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Bipartisan Criminal Justice Bill Unlikely to Pass Anytime Soon

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J. Scott Applewhite
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AP

Congress has now gaveled out of session until after the election, but that doesn’t mean they finished all their homework. Virginia’s lawmakers have played a key role in negotiating an overhaul of the nation’s criminal justice system. 

But for the time being, that bipartisan effort has stalled out. 

A Virginia Republican, Bob Goodlatte, is chairman of the House Judiciary Committee. Before lawmakers left Washington to campaign, he spent time getting his members up to speed on the bill.

But he says it’s up to party leaders as to whether to bring the bill up for a vote after the election, though Goodlatte wants it to come to the floor this year.  

“We certainly hope it will. We’re working very hard in that direction – doing a lot of briefings. But it’s up to leadership – it’s their decision, not mine,” says Goodlatte.

The proposal would phase out some mandatory minimum sentences for non-violent drug offenders, while also increasing maximum minimum sentences for violent crimes. The bill maintains broad support that cuts across party lines.

Still, Virginia Democratic Congressman Bobby Scott isn’t a fan of the bill. He’s rumored to be tapped to replace Tim Kaine in the Senate if Kaine becomes Vice President.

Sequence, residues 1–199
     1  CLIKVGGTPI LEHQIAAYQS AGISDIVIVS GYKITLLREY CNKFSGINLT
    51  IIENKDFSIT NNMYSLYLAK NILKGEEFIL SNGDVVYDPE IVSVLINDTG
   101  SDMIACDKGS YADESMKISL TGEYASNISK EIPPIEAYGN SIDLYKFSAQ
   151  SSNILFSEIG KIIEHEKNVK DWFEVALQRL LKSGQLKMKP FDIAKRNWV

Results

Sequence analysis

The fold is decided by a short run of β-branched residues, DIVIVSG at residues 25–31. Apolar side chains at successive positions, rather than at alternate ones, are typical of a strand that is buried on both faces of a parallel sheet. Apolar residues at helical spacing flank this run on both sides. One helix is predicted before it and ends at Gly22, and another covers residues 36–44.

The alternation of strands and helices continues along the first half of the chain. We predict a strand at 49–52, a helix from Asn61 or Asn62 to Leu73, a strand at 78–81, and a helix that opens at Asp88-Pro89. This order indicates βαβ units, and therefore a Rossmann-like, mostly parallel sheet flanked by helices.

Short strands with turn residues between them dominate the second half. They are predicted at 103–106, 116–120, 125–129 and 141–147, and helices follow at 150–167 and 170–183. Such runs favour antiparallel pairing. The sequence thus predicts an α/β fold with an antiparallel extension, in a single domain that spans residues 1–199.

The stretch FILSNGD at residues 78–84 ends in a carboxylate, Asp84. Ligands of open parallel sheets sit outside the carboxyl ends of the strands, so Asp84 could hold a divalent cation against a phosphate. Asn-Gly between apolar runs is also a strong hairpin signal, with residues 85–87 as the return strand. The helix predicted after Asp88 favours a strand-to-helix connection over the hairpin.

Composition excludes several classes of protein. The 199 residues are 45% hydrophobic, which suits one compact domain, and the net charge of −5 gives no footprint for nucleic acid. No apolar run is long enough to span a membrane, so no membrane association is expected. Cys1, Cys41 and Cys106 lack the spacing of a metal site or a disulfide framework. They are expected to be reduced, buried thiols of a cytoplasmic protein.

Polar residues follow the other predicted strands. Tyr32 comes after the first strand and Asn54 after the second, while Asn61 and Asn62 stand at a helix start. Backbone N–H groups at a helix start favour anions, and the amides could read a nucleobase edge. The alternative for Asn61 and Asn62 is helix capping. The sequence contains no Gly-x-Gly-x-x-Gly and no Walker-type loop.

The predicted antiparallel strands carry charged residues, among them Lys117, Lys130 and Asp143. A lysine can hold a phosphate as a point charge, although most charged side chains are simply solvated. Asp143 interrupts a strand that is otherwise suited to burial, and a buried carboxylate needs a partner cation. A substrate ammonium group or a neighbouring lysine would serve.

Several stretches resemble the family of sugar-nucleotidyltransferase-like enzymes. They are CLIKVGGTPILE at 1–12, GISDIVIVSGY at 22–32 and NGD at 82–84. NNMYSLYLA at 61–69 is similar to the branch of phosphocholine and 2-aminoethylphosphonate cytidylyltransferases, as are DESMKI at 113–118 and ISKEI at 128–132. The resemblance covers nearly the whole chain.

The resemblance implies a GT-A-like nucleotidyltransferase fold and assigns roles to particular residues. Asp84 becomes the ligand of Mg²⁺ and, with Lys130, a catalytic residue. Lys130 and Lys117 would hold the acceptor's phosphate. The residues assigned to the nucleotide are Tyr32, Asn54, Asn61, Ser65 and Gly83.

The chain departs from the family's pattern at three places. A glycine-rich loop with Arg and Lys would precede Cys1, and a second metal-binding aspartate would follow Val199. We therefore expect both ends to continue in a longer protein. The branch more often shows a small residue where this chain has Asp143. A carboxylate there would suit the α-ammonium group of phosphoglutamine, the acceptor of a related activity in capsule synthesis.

Scott argues just having Republicans and Democrats on board doesn’t make good legislation.

“The fact that it’s bipartisan doesn’t add to the evidence – what effect will it have?" Scott says. "If mass incarceration is your problem, what does it do for mass incarceration? What evidence and research do you show where it can reduce crime and save money?” 

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Credit Pablo Martinez Monsivais / AP
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AP
House Judiciary Committee Chairman Rep. Bob Goodlatte, R-Va.

According to Scott there’s one glaring flaw in Goodlatte’s legislation: inmates who are charged with less serious crimes get more attention than the bill than those charged with more serious crimes. 

“It ought to be just the opposite. Most of the focus ought to be on the high risk, and low risk obviously don’t need that much help," says Scott.

And Scott says there are other flaws, like focusing on penalties for offenders.

"It has a couple of good provisions in it, but overall it doesn’t address mass incarceration," Scott says. "It fights the war on drugs the old fashioned way, by increasing penalties.”

Regardless, it’s unclear whether lawmakers will even get a say before the end of the session. Retiring Virginia Republican Randy Forbes says it’s hard for Congress to do anything substantial in an election year.

“The problem is you’ve got people going in such different directions, both mentally, politically and also right now, just, logistically, it’s hard to get all that stuff wrapped up," says Forbes.

But Democrats argue Congress should not have recessed for another six weeks when there’s still work to be done. 

“The paralysis in Congress has an unexplainable element to it when you’ve got the consensus we seem to have and a fairly clear direction on what needs to happen in the details of criminal justice reform, it is so frustrating that we’re not moving,” says Northern Virginia Democrat Gerry Connolly.  

Connolly says he hopes this Congress can tackle the issue later this year.

“If we can reach bipartisan accord on a thoughtful bill on criminal justice reform, I think now is always a better time than later,” he says.

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